Schweitzer justifies trips in final months in office

Governor Brian Schweitzer is returning to Montana tonight after a few days of meetings in Washington D.C.

Last week, Schweitzer spent a few days in China meeting with companies about exporting Montana products.

Meanwhile, the latest round of attacks flying around the U.S. Senate Race between Jon Tester and Denny Rehberg concern accusations of unwarranted trips on the government dime.

In D.C., Governor Brian Schweitzer has been meeting with the departments of Interior and Energy, another meeting regarding a pork processing plant he’s trying to help facilitate in Shelby. Of course, he didn’t miss his opportunity to stop in at CNN.

Schweitzer says regular meetings with Federal Agencies are a part of the job.

“For better or for worse, it’s a partnership of the states and the federal government. 25 percent of the land in Montana is owned by the federal government and we’ve got to build this partnership,” Schweitzer said.

The Governor is leaving office at the end of the year due to term limits, to be replaced by either Democrat Attorney General Steve Bullock or former Republican Congressman Rick Hill. The rumor mill has been running wild with questions about what Schweitzer may do next—maybe a 2016 Presidential bid or perhaps a cabinet post.

“Any of those meetings include talks of plans for your future sir?” I asked Schweitzer.

“No (laughs) no. I think most people know that I love Montana and my future is in Montana.”

Schweitzer’s recent trip to China was spurred by him being invited to speak at an international energy conference.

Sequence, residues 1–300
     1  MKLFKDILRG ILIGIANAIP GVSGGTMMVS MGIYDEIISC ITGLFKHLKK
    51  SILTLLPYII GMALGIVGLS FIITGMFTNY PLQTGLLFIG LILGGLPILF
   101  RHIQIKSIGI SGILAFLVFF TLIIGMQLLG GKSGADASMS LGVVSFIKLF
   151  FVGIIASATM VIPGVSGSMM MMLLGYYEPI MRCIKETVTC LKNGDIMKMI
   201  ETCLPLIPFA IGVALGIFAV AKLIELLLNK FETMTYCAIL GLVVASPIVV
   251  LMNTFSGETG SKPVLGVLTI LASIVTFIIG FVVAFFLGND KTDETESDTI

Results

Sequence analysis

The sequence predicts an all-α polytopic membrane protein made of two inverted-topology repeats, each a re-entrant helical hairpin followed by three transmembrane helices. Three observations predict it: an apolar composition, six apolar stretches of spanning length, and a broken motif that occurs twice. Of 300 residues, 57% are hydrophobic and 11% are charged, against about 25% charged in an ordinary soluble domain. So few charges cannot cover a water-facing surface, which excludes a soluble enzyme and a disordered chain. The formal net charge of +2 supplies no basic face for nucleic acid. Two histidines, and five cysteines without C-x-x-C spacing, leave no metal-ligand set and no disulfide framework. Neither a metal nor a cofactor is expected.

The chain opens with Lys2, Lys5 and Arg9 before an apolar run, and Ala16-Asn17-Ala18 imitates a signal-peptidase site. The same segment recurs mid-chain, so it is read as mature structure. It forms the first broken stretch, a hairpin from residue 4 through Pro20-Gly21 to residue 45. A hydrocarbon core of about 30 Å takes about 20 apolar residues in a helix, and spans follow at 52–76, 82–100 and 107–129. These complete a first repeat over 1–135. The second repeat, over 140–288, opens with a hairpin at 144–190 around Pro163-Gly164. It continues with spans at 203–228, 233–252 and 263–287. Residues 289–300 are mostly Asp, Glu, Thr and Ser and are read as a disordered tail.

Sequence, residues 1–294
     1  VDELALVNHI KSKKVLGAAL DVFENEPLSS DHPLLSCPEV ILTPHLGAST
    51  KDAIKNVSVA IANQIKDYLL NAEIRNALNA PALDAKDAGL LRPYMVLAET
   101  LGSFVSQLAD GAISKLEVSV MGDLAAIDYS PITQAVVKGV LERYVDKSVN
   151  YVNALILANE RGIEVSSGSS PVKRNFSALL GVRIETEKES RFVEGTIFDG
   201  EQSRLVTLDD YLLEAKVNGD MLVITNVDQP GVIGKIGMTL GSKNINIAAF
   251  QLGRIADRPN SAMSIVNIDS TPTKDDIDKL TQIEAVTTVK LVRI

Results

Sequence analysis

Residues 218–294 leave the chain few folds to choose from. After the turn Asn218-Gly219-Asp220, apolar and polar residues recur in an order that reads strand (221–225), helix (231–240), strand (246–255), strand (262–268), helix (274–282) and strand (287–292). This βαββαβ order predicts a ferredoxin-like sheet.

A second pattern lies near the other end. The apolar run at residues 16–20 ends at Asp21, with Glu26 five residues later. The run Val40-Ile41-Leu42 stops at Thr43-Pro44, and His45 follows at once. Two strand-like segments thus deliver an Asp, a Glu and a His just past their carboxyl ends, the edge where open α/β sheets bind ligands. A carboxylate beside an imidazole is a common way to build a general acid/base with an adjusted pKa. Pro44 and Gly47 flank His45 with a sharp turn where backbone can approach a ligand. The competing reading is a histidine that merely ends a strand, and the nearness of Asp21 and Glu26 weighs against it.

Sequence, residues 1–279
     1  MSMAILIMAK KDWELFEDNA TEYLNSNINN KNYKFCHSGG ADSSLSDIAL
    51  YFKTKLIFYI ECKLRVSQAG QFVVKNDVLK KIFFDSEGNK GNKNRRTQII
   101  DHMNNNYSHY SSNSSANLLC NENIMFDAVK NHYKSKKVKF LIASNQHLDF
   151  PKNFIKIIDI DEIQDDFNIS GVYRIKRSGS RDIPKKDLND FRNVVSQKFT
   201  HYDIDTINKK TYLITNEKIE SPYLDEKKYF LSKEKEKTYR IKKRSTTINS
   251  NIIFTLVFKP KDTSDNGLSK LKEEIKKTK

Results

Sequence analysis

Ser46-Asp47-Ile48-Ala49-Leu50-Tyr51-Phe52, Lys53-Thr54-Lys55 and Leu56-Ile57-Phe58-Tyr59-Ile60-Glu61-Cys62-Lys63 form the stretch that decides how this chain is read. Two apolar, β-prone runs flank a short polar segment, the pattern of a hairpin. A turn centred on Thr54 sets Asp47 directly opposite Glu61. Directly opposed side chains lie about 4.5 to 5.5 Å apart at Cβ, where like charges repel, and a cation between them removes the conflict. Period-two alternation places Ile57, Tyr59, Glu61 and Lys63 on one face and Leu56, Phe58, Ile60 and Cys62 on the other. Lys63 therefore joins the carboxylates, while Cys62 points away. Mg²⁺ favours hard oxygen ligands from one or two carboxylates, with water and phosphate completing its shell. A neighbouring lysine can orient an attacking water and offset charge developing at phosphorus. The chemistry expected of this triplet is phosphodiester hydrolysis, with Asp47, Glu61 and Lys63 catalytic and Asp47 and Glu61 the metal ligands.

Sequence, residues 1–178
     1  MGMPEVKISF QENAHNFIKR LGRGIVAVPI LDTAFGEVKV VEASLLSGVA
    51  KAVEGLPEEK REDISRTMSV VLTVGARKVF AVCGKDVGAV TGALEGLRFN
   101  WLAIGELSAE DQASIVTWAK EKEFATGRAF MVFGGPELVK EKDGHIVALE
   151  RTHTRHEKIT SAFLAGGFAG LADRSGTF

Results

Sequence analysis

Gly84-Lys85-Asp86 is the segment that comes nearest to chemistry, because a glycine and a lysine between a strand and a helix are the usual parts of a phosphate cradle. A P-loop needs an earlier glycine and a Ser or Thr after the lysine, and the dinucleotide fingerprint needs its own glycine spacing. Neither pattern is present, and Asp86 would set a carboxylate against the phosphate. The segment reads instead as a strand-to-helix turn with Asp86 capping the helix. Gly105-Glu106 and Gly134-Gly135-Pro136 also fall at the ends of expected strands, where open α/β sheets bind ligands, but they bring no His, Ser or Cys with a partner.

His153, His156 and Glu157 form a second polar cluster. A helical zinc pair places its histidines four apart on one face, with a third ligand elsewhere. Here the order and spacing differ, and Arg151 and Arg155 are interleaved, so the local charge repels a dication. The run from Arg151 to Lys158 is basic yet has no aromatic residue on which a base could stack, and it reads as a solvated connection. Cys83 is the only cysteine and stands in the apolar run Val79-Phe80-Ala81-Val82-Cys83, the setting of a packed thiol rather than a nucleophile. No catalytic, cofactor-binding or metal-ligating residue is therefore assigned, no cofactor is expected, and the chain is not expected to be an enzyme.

“Shared the panel with a couple of Nobel Prize Laureates so I was a little intimidated.”

He also used the opportunity to visit companies where he’s trying to work out export deals. He says the emerging markets for Montana commodities are immense.

“100 percent of the copper ore produced in Montana currently goes to China, has for years. They have an active interest in increasing their purchases of meat in the United States and that’s why we’re working on this pork processing plant.”

The Governor also pursued opportunities for exporting platinum, palladium, wheat, barley and coal.

“This being again, your final months in office, do you feel you have to change your conversations, do you have to change your approach since you won’t be the man you’re dealing with in a few months?” I asked.

“Everybody understands that we have a democracy in this country and whoever is elected to an office at some point in the not too distant future that personality will no longer be in that office. You represent the office and you represent the state of Montana, that’s my mission… I don’t represent myself as a personality, that’s what I do as a private businessman and that’s what I’ll be doing in the future.”

Until then, Schweitzer stands behind his final trips around the country and around the world as the Governor of Montana.

“Well, I don’t think there’s anybody in Montana that thinks Brian Schweitzer just loves going to Washington D.C. I’ve made that abundantly obvious in the past. And there are a lot of destinations around the world, almost all destinations around the world are far superior to going to China if you want to be a tourist.”

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